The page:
8. Optimize Reporting Capability with Appropriate Fields

As much as possible, avoid the potential for human error by creating fields with specific choices (Dropdown or Multi-select). If the situation calls for text fields (Short or Rich Text), provide default text to give editors guidance on what should be entered and in what format. Also, take care to not create redundancies in the database. It is not necessary to capture a field in the Template which tracks the Process or Department associated with the content, if the content is being filed in the appropriate Folder(s) by Process or Department.

9. Do Not Edit While Published

Template Administrators have the option of selecting which elements will be editable while content is published.  We recommend that you ensure tighter version control by NOT allowing changes to Template Fields on Published pages. Rather, utilize policyIQ’s version control by un-publishing Pages, then making changes before republishing.

10. Document Decisions in a Reference Guide

As you determine which Templates you will work with and land on the various attributes that you will track within each Template, capture your decisions within a reference guide. By documenting these decisions, agreed-upon definitions for Template Fields, intended relationships between fields, the plan for filing content into Folders and procedures for adding, maintaining and archiving content, you are improving the likelihood of content viability, reliability, sustainability, and transferability going forward.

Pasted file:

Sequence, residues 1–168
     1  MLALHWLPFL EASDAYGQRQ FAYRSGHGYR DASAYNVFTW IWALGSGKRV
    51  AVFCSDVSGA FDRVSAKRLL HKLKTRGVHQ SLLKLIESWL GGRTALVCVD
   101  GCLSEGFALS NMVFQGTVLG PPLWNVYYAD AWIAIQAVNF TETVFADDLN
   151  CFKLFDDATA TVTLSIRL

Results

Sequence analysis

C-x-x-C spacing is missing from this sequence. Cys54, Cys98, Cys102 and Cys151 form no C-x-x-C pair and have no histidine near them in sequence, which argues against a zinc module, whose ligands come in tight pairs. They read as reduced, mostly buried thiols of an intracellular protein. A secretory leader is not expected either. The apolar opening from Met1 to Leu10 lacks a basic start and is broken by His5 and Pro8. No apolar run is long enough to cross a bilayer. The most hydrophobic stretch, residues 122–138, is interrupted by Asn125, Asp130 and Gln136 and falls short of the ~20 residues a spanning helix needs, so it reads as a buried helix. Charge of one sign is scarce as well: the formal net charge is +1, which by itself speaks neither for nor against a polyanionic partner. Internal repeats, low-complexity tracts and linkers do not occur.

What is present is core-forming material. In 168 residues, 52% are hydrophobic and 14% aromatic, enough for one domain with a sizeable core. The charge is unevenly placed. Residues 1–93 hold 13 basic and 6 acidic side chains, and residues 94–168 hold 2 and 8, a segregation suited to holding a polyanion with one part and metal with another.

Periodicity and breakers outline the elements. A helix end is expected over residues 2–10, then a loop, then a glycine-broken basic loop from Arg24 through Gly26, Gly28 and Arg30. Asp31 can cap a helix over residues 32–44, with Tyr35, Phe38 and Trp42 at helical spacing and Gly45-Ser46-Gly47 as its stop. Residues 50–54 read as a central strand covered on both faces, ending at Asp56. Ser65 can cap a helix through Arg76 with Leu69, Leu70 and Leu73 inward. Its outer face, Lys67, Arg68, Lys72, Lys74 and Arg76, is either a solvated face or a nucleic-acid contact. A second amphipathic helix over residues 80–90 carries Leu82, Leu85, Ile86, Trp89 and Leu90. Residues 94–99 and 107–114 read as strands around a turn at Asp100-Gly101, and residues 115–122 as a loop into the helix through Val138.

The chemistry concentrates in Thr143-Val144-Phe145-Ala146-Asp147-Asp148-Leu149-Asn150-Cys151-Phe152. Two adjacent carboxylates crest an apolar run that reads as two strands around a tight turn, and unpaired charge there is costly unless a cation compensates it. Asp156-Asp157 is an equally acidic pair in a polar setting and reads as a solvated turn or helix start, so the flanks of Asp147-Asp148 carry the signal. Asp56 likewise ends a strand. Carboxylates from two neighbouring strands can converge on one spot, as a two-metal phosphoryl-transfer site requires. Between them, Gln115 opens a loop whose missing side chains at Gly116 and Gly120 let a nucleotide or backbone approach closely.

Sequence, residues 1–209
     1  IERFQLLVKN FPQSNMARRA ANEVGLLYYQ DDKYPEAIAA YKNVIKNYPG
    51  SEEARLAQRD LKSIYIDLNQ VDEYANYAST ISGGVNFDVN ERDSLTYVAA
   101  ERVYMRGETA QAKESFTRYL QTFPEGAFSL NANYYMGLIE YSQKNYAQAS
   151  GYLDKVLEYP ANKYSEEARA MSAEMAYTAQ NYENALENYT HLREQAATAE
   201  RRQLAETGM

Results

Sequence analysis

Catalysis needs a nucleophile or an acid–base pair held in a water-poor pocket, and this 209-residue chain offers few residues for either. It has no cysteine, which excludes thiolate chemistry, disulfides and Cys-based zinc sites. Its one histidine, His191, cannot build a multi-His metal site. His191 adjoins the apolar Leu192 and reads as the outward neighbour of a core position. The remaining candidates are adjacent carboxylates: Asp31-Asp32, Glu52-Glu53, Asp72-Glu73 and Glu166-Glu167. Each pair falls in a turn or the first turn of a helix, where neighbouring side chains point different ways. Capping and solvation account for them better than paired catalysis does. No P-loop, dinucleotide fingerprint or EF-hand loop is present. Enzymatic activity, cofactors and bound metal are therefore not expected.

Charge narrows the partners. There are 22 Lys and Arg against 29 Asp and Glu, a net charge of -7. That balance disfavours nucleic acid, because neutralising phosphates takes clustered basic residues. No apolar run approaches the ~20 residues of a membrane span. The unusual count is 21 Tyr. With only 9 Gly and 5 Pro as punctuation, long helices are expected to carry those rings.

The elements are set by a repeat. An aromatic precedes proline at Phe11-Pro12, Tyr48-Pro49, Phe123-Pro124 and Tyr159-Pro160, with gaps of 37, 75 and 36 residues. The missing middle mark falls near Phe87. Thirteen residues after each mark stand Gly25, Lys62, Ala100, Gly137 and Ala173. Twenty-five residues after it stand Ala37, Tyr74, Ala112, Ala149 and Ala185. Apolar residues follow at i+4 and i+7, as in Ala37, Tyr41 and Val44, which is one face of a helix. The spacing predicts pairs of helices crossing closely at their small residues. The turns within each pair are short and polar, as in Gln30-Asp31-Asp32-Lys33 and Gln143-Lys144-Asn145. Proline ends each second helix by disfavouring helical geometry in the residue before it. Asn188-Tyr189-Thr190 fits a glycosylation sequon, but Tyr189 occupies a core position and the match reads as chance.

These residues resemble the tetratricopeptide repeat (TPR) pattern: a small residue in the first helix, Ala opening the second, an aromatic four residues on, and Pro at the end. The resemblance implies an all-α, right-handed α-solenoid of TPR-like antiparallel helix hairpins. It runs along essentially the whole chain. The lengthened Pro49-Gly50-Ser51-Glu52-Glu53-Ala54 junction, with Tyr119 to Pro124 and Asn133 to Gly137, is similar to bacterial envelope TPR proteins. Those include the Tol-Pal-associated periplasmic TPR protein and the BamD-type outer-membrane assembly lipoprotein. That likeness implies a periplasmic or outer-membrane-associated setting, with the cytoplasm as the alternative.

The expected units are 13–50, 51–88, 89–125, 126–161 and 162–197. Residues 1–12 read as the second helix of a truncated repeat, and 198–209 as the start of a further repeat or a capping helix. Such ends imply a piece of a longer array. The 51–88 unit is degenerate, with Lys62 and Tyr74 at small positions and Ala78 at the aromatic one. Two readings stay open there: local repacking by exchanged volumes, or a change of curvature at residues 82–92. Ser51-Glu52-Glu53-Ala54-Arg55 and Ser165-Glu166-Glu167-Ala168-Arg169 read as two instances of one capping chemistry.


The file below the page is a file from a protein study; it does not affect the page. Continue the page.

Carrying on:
Of course, if you have questions about how to implement any of these best practices, we want to help you!

  1. Join us in our upcoming CPE Training session addressing a number of policyIQ Best Practices.
  2. Follow our written guidance within your online policyIQ Help guide.
  3. Launch related videos from our Trainings page.
  4. Contact our Support team to ask questions.
This entry was posted in Features by Stephenie Buehrle. Bookmark the permalink.

About Stephenie Buehrle

Stephenie is the “solutions” expert on the policyIQ team. With RGP since 2004, she designs and develops solutions that capitalize on the best practices of the hundreds of companies that she has touched, while tailoring each configuration to meet the unique needs of each client. Before joining RGP and the policyIQ team, Stephenie enjoyed working as an independent consultant in the non-profit sector. Stephenie also previously performed analyst services for a major brewer ranging from roles in biological and chemical services to analytical roles in business process improvement and innovation. Stephenie quips that she still doesn’t know what she wants to be when she grows up, but hopes to spend her days helping others (companies, individuals, and communities) to realize their full potential.